From April 1917 to November 1919, when President Woodrow Wilson borrowed $30 billion to pay for World War I, he was able to do so because of the promise he made to lenders that the commitment to repay them would be backed by the full faith and credit of the United States government.
At the time, the government’s total debt was about $14 billion, so Wilson’s painful gambit tripled it.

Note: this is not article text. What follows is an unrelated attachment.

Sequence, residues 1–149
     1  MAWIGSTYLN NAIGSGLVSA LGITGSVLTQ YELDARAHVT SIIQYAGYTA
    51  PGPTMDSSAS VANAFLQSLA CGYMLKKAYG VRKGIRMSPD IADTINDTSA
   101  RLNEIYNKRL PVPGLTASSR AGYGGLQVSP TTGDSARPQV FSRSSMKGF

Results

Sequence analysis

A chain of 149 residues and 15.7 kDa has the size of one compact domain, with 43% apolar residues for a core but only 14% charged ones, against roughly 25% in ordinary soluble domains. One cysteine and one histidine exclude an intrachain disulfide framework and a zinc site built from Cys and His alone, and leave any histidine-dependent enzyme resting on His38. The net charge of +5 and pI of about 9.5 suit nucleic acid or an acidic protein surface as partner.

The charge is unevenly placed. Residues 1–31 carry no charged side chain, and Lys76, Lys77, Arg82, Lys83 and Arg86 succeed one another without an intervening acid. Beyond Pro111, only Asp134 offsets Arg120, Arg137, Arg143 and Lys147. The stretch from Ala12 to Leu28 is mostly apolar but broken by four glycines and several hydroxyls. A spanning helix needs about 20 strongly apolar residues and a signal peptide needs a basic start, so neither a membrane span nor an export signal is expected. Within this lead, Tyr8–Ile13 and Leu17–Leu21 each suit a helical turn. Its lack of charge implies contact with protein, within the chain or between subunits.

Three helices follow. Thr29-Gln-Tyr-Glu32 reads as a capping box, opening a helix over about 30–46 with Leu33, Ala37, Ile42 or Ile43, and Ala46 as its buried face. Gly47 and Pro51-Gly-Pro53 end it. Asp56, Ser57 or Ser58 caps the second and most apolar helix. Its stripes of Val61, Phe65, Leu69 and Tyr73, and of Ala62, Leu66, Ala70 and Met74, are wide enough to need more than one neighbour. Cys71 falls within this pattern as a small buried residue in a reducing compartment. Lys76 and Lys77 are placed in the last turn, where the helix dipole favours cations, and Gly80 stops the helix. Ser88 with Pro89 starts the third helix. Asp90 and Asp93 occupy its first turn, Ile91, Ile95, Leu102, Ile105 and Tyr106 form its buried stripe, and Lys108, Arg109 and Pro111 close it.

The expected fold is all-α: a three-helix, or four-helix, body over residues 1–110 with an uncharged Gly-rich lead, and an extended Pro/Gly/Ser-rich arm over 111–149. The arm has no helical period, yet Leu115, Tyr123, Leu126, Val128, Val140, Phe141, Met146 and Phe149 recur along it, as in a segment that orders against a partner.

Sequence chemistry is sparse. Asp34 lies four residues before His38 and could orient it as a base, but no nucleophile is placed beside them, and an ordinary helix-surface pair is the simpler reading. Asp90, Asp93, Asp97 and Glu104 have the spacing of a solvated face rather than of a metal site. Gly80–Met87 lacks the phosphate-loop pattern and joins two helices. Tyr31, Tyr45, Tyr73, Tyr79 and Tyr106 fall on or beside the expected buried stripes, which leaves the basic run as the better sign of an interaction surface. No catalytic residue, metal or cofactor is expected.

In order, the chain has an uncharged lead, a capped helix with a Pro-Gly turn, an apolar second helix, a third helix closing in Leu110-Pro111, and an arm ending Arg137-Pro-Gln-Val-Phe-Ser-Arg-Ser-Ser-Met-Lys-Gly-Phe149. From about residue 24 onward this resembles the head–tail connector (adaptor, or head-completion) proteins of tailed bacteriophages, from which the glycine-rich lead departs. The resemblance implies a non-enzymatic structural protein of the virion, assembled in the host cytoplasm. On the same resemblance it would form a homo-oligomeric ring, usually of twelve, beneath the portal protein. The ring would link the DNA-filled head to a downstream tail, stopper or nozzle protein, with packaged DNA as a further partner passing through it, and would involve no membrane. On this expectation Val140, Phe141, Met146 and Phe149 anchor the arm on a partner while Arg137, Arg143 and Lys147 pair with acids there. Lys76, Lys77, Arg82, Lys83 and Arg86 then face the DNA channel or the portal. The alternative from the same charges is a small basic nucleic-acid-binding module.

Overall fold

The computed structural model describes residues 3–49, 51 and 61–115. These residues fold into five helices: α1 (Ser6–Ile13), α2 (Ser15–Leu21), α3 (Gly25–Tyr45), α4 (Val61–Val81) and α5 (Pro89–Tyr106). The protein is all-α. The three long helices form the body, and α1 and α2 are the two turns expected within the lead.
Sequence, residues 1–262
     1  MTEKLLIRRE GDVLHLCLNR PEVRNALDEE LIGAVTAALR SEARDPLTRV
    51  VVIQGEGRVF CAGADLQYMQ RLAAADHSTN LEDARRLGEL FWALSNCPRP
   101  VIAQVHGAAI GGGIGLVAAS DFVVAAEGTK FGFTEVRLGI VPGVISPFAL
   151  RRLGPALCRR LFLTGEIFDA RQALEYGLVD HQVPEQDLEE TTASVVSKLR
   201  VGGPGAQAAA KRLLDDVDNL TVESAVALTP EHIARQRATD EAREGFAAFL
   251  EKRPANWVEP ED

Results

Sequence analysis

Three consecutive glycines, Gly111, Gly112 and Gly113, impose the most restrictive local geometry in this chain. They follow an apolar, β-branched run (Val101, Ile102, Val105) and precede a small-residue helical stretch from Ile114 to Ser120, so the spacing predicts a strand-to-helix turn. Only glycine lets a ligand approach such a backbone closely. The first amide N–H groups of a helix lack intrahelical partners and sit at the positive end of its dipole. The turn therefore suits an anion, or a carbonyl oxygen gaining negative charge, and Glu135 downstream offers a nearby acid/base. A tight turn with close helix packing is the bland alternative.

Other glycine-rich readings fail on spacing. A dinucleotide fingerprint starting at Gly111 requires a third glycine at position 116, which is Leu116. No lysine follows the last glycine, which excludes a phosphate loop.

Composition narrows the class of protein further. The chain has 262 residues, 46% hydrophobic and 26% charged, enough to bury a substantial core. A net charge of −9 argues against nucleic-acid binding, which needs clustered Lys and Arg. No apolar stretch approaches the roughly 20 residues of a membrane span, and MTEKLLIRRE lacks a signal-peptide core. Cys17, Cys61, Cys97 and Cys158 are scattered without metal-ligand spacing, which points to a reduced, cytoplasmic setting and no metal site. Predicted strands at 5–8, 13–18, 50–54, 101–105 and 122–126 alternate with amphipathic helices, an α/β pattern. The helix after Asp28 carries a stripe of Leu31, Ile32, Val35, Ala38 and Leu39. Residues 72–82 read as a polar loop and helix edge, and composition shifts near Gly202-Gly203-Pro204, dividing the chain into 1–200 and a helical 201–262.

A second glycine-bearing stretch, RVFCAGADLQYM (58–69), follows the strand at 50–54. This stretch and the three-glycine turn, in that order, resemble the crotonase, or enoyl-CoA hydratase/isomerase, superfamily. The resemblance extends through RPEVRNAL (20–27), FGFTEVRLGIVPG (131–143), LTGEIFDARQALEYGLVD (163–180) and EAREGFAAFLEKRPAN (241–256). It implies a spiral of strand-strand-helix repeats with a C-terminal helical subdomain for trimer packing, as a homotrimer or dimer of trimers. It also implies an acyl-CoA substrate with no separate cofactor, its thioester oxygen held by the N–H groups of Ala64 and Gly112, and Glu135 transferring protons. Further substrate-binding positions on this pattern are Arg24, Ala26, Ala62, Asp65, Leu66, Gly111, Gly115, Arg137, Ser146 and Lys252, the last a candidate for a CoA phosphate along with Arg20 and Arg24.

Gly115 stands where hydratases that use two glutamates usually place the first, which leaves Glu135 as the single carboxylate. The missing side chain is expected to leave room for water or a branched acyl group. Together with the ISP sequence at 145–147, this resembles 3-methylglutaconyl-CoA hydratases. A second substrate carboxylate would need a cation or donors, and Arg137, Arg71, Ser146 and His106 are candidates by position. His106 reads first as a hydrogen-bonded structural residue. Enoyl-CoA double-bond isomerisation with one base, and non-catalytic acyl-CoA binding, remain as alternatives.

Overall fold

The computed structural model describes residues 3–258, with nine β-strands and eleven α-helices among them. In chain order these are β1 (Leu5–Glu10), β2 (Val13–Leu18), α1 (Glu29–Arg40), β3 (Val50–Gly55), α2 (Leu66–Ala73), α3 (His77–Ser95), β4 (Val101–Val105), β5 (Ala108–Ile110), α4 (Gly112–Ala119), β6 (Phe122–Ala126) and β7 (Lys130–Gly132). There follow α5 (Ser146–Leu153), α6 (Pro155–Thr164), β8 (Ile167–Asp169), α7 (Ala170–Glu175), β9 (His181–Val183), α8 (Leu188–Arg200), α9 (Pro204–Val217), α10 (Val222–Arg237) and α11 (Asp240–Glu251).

In reality, it was not the full faith and credit of the federal government that promised to repay; it was not the creditworthiness of the federal government at stake; it was not the federal government that paid back the money that was borrowed. That’s because the government has no credit or creditworthiness or disposable wealth. Only the taxpayers have that